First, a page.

On Sunday evening, 12 inmates escaped from Walker County Jail in Jasper, Alabama, northwest of Birmingham.
According to the Walker County Sheriff’s Office, six of the inmates were caught shortly after the prison break, while five others were captured late Sunday night and early Monday morning.
Two are in jail on attempted murder charges. The others are charged with crimes such as burglary, theft, drug charges, domestic violence, breaking and entering, and disorderly conduct.
However, as of Monday morning, the manhunt continues for the 12th inmate, Brady Andrew Kilpatrick, who was imprisoned on drug possession charges.
The neighboring Jasper Police Department has joined the search for Kilpatrick.
Police are offering a $500 reward for information leading to the inmate’s capture. They also asked for residents to stay indoors and to turn on outdoor lighting.
It is unknown how the inmates, who are between the ages of 18 and 30, escaped from the jail. It is possible that the jail’s infrastructure, which is nearly 20 years old, enabled them to escape.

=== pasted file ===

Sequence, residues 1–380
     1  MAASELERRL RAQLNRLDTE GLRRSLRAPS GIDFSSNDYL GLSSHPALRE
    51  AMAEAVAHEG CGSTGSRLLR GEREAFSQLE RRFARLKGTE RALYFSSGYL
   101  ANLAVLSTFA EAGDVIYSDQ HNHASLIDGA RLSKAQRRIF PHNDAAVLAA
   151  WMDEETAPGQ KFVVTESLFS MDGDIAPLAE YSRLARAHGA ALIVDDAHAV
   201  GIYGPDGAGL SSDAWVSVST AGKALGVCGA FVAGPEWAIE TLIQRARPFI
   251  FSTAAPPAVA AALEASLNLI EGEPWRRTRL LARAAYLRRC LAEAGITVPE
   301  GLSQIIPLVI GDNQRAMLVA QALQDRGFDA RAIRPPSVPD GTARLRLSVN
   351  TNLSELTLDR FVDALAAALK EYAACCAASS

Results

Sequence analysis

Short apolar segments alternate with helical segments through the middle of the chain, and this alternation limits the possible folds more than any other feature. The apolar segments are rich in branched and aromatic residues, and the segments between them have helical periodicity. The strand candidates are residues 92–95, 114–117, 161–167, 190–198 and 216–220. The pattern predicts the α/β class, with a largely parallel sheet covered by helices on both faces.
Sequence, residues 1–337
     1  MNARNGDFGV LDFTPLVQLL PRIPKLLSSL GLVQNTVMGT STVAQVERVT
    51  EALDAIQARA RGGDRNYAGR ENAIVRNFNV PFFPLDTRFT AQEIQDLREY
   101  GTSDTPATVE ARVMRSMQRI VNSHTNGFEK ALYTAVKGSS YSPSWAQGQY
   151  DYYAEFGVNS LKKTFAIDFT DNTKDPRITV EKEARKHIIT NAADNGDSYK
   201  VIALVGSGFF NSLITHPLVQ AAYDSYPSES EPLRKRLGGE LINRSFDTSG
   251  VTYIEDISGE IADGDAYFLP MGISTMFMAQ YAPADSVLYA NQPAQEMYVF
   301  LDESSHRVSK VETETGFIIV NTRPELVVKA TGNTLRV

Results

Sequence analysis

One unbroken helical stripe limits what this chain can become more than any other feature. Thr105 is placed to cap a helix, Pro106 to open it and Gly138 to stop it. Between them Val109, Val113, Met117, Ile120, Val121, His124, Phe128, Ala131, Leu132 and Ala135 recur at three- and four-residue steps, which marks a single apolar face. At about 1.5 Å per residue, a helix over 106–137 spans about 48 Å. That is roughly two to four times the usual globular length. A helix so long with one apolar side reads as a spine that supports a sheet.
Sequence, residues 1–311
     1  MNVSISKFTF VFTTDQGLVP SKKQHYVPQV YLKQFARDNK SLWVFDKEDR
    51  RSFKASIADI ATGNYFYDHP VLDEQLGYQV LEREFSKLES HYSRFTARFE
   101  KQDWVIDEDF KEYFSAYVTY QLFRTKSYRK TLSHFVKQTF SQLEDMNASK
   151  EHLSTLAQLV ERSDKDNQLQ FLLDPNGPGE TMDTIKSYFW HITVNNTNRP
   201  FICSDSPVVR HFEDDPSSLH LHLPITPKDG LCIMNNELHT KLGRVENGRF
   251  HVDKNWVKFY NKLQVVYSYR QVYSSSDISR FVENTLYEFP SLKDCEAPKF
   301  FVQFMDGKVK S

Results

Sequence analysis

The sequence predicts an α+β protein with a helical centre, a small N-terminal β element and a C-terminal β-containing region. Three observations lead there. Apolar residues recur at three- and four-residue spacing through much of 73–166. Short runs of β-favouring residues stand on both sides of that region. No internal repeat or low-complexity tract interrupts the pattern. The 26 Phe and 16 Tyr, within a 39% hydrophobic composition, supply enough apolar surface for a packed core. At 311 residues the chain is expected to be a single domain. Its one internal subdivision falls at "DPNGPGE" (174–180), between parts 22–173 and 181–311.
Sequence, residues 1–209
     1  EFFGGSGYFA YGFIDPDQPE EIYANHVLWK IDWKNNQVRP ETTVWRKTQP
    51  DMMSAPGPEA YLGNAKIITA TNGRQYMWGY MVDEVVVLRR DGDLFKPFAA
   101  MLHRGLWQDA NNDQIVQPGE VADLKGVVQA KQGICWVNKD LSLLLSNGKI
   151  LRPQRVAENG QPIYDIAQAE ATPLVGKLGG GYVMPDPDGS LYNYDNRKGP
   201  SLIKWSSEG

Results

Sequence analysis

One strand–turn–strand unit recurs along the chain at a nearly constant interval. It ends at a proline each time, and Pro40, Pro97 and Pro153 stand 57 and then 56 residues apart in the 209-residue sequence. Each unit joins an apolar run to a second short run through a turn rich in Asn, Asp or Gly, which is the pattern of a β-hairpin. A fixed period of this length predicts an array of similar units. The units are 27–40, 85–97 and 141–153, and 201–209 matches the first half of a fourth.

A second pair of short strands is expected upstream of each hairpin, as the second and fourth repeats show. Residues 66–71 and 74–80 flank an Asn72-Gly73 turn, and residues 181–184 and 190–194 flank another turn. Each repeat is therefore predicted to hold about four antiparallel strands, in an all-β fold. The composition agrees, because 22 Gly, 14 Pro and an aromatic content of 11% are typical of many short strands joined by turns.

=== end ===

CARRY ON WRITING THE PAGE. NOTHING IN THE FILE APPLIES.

Jailbreaks have recently occurred in other states as well. In Oklahoma, two inmates tried to escape by climbing through the jail’s ventilation system. Though they were caught, they used the vents again to successfully escape three months later, along with two other inmates.
In Tennessee last December, six inmates broke out of jail by ripping a stainless steel toilet mounted to a wall. However, they were not able to escape arrest a few days later.
In January 2016, three Southern California inmates cut through steel bars in the jail’s dormitory and traveled through plumbing tunnels to get to the roof. They then tied blankets into ropes in order to get down to the ground. They were all soon arrested, with the last inmate being captured in San Francisco more than a week later.
Nonetheless, the most famous recent prison escape occurred in an upstate New York maximum-security prison. Two convicted murderers used power tools to drill through steel walls and pipes and successfully escaped. Hundreds of law enforcement officers joined the manhunt, not finding the inmates until three weeks later. Following their capture, a prison worker was charged with helping the inmates to escape by smuggling in power tools.